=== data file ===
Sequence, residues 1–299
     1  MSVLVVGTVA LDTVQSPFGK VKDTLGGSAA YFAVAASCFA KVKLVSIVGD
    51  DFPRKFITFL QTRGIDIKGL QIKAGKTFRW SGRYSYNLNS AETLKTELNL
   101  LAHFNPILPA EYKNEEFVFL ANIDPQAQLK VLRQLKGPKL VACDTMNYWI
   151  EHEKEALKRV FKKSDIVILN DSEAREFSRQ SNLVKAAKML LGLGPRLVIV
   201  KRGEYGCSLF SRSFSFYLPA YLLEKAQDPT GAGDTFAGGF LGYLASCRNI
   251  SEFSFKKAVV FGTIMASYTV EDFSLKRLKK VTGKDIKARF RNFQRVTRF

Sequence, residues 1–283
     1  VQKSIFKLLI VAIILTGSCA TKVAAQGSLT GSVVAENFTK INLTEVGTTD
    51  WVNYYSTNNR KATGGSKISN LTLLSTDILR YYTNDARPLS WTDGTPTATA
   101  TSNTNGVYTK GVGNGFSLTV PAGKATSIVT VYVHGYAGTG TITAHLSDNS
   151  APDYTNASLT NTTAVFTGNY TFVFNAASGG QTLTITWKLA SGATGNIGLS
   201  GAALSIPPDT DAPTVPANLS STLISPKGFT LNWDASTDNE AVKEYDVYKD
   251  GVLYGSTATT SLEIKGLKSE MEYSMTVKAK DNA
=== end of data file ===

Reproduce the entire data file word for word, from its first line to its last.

Sequence, residues 1–299
     1  MSVLVVGTVA LDTVQSPFGK VKDTLGGSAA YFAVAASCFA KVKLVSIVGD
    51  DFPRKFITFL QTRGIDIKGL QIKAGKTFRW SGRYSYNLNS AETLKTELNL
   101  LAHFNPILPA EYKNEEFVFL ANIDPQAQLK VLRQLKGPKL VACDTMNYWI
   151  EHEKEALKRV FKKSDIVILN DSEAREFSRQ SNLVKAAKML LGLGPRLVIV
   201  KRGEYGCSLF SRSFSFYLPA YLLEKAQDPT GAGDTFAGGF LGYLASCRNI
   251  SEFSFKKAVV FGTIMASYTV EDFSLKRLKK VTGKDIKARF RNFQRVTRF

Sequence, residues 1–283
     1  VQKSIFKLLI VAIILTGSCA TKVAAQGSLT GSVVAENFTK INLTEVGTTD
    51  WVNYYSTNNR KATGGSKISN LTLLSTDILR YYTNDARPLS WTDGTPTATA
   101  TSNTNGVYTK GVGNGFSLTV PAGKATSIVT VYVHGYAGTG TITAHLSDNS
   151  APDYTNASLT NTTAVFTGNY TFVFNAASGG QTLTITWKLA SGATGNIGLS
   201  GAALSIPPDT DAPTVPANLS STLISPKGFT LNWDASTDNE AVKEYDVYKD
   251  GVLYGSTATT SLEIKGLKSE MEYSMTVKAK DNA